In the instant matter, the appellant having pleaded 'Not Guilty', and having introduced an alibi as his defence, thereby making identification the main issue, the burden remained on the prosecution to prove every element of the charges, including all the elements of the attempted rape. The appellant did not challenge the fact of the commission of these offences, but the issues constituting the offences were not formally admitted. Given these circumstances, and applying the law as I understand it, it is my judgment that the corroboration warning was necessary with respect to the offence of attempted rape, not only on the issue that the offence was committed but also on the issue that the appellant committed it. This warning was not given by the judge. I consider this non-direction to be a grave misdirection."

In the present case, the Court of Appeal recognised that the corroboration requirement had been decided to be outdated in England and had been abolished there by statute and referred to the fact that a draft Evidence Bill for Saint Lucia would follow the same course. But Byron CJ giving the judgment of the Court continued:

"What is the position now? Although this impending development in jurisprudence is a trend that is likely to affect all our jurisdictions, the requirement to give the corroboration warning is still part of our law, and cannot be ignored. In this case the nature of the evidence left a lurking doubt as to the safety of the conviction. We did not think it an appropriate case to consider the application of the proviso."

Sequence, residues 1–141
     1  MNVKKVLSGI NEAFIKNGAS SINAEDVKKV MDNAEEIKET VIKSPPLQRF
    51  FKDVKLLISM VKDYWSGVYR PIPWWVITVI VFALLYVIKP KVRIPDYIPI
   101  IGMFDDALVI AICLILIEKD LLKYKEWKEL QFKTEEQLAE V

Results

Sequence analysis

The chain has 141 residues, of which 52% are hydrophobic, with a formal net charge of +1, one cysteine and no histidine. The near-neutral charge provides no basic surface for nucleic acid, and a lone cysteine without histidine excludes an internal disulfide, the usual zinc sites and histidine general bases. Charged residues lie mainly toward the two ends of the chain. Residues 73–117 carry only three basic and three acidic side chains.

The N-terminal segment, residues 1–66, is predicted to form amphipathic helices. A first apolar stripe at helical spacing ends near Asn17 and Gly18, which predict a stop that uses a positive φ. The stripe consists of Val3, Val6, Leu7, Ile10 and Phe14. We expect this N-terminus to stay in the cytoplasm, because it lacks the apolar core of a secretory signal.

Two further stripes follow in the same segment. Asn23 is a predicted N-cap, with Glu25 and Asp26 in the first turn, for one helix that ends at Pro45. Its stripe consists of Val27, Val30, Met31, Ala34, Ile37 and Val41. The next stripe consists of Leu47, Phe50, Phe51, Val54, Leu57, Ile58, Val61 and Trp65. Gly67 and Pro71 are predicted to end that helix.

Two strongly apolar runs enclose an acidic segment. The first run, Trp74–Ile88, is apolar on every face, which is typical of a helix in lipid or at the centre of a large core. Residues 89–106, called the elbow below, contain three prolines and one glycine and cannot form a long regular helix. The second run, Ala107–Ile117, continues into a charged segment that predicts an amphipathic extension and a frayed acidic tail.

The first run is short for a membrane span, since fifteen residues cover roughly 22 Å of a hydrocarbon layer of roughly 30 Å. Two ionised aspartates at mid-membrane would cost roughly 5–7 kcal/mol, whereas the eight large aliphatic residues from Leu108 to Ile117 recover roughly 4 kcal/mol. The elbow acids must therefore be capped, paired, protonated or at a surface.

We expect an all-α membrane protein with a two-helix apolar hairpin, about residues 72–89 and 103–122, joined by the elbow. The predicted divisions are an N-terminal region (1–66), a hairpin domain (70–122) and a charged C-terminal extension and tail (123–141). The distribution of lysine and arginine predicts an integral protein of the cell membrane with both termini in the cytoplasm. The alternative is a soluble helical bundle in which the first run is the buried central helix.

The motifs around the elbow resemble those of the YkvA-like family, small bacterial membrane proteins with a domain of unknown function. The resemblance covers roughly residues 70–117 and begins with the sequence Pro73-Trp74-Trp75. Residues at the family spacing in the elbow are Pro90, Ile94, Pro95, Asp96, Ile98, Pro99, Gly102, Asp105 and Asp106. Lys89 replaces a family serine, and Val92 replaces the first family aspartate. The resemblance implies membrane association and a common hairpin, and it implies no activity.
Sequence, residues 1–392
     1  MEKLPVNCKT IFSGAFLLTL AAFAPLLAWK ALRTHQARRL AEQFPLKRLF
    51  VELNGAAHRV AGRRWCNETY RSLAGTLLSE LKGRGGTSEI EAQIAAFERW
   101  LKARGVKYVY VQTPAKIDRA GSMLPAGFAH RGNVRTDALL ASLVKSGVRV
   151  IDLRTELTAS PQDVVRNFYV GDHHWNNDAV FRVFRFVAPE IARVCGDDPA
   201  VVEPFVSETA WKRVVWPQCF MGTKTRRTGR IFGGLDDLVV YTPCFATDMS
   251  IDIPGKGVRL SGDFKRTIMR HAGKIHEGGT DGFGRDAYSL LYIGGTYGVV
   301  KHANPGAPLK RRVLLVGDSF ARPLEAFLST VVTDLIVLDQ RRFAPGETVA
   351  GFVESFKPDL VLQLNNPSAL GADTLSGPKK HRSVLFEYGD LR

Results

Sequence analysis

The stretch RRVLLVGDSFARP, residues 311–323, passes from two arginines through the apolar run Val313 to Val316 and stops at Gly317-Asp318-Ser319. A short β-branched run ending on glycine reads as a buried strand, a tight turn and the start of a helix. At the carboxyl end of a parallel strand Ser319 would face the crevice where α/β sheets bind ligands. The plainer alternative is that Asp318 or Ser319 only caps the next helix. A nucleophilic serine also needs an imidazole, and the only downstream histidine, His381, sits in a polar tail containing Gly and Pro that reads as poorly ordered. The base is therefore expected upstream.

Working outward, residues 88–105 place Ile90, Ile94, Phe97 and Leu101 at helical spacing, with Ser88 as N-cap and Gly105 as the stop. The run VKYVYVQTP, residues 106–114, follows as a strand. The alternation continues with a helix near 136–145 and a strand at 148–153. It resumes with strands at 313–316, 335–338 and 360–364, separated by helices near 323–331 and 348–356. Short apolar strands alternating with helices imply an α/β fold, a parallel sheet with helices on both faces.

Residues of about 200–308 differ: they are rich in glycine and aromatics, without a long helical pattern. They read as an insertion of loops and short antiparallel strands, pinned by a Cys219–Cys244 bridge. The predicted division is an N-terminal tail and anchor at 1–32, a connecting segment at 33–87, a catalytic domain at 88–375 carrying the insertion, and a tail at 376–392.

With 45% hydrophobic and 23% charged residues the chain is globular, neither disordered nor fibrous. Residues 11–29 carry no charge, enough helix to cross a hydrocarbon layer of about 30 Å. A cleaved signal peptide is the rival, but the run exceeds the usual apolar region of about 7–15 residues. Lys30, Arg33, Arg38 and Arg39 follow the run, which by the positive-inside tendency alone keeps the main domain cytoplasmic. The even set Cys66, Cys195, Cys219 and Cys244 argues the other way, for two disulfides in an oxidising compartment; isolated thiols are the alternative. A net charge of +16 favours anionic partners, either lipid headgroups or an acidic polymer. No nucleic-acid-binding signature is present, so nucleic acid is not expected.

Byron CJ had earlier said that there was no corroboration of Miss Mapson's evidence that she had been indecently assaulted.

6

The Director of Public Prosecutions was given special leave to appeal to the Privy Council in order to contest the conclusion that the rule that a corroboration direction and warning must be given should still be regarded as part of the law of Grenada. Mr Dingemans for the Director submitted that the judgment in Pivotte was wrong and should be over-ruled and, alternatively, that section 167 of the Evidence Act of Grenada had the effect of requiring the English law to be followed. Section 167 reads:

"Unless this Act otherwise provides, any question which shall arise in any action, suit, information, or other proceeding whatsoever in or before any Court of Justice, or before any person having by law authority to hear, receive and examine evidence touching the admissibility or sufficiency of any evidence, or the swearing of a witness or the form of oath or of affirmation to be used by any witness or the admissibility of any question put to any witness, or the admissibility or sufficiency of any document, writing, matter, or thing tendered in evidence, shall be decided according to the law of England for the time being in force."

This had the result, it was submitted, that both the decision in Chance and section 32(1) of the English Criminal Justice and Public Order Act 1994 abrogating the requirement, inter alia, in respect of trials where the offence charged is a sexual offence were also part of the law of Grenada and applicable to the present case.

7

The defendant has not sought to be represented on this appeal and has not instructed counsel. Their Lordships accordingly requested the assistance of an amicus curiae and are grateful to Mr Evans for the assistance he has...